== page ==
“First I think it is a free choice. If it is a free choice, I’m a hundred per cent with it. If she’s forced to put the veil on and is truly against it…it is nothing to do with women rights. There is a huge religious awareness happening in Egypt, I respect women who wear the veil with all belief, if she believes in it let’s do it, if not, no.  But you are right, now you go to Egypt, you go to Cairo and you find everyone, every girl having the veil. But sometimes it’s a tradition, in some levels of society it’s more tradition that obeying a religious rule”.

So are traditional values indeed coming back?

“I am not against tradition. If you find your tradition it’s a part of your identity, I think it has to do with identity nothing to do with women’s rights. Because I’m veiled as you can see, I studied in France, did a masters degree, moved to Lebanon…and then I’m here with you, without my family or anything. I don’t think it is effecting women’s rights, if she chooses to do it by her own, not forced”.

Trying to find a compromise between the more progressive ways of thinking and the adherence to tradition and religious values. Religion and conservative views on society have traditionally been linked to the position that women had in the society, a secondary role, at best. But it seems like the Egyptian society might be learning to separate both. Only time will tell if society will be able to manage both a return to its traditional roots and a more respectful and caring view on their women.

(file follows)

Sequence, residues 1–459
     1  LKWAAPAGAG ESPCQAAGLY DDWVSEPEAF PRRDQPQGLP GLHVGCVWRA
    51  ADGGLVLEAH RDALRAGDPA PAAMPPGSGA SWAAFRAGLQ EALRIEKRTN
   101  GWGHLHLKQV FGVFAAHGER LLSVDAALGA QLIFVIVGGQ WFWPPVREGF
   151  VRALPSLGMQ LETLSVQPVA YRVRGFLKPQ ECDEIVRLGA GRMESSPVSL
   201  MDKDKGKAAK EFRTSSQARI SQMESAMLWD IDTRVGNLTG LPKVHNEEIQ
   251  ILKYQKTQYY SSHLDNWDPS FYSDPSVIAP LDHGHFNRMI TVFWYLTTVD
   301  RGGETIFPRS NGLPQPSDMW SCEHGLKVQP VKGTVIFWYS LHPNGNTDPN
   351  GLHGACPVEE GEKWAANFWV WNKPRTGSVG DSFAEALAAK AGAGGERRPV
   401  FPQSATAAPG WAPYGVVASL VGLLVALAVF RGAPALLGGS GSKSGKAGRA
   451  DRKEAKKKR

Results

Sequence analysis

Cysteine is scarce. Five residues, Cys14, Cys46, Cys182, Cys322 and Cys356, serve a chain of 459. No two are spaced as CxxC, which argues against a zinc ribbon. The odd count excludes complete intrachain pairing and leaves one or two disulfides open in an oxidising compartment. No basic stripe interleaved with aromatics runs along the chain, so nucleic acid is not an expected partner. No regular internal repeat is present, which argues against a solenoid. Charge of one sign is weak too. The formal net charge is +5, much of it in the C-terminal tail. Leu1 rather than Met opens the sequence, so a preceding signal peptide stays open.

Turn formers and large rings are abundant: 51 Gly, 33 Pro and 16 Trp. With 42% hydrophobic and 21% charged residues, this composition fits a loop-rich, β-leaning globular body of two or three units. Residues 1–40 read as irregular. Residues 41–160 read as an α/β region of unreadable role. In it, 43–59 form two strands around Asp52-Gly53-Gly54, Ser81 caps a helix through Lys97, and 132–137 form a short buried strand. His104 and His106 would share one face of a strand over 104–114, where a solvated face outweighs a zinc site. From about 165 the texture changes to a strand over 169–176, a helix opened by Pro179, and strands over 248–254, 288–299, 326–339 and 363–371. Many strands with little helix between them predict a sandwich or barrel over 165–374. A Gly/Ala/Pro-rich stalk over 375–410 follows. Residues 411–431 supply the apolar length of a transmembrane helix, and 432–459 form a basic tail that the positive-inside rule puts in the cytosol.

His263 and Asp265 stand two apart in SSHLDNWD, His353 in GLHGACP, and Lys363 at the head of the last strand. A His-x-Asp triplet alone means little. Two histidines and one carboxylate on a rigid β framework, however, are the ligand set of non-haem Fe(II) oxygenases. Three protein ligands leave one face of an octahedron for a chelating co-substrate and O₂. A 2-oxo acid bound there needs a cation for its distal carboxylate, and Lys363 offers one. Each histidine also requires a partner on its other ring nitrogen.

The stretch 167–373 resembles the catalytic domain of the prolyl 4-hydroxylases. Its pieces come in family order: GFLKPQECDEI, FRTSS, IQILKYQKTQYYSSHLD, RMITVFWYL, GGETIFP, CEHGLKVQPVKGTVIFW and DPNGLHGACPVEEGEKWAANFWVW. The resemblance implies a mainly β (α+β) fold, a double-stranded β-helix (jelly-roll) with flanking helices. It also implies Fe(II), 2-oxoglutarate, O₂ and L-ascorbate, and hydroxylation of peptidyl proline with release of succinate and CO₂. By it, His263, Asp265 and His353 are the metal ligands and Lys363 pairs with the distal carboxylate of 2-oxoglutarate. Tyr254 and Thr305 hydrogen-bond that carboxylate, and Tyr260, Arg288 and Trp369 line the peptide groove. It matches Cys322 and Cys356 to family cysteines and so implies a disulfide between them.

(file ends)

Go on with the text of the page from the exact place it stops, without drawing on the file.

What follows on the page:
Do you think that traditional ways of thinking can be a threat to the progress of women’s rights?

“Sometimes yes. Because there’s traditional rules against women that have no logical reason. It’s just a tradition that we can skip, we don’t have to follow it, just think about it, we don’t have to follow it. Sometimes there is a misconception with Christian or Muslim or Islamic religion that they think it’s a rule, but that’s a misconception. And sometimes when you stick to tradition without thinking about it, yes, of course it affects women’s rights”.

Islam Sharaf unlike Aya came in touch with the organization in a professional context. He has his own story of how he came to care for the issue of women’s rights in his country:

“It was a good salary and a good position so I said ok, I’ll join the organization, I wasn’t totally convinced with women’s issues but by the time, when I started, I saw women in the communities, witnessed how are they suffering and the bad circumstances surrounding them I started to convince of what I’m doing. I saw myself changing from just having to work, to earn and to get money – to supporting the organization. Now I can say I fight for women’s rights with my heart.

Because I found this suffering in the communities, hidden in the communities; let me tell you a very important thing: I saw with my eyes how a girl, 16 years old was raped by her father, her brother, her uncle…and she didn’t even report to anyone. So yes, she has to find someone to make her fight. I was moved to be a very strong supporter”.

Sharaf went for sustaining a relatively traditional position on women’s rights to campaigning for them, still, even such a forward man like him cannot escape some traditional views on the subject of women’s work.

Here, before, we have heard a gentleman saying how he believed that women can’t do the same work as men, and how positive discrimination has left men hanging unprotected in society, what is your take on this issue?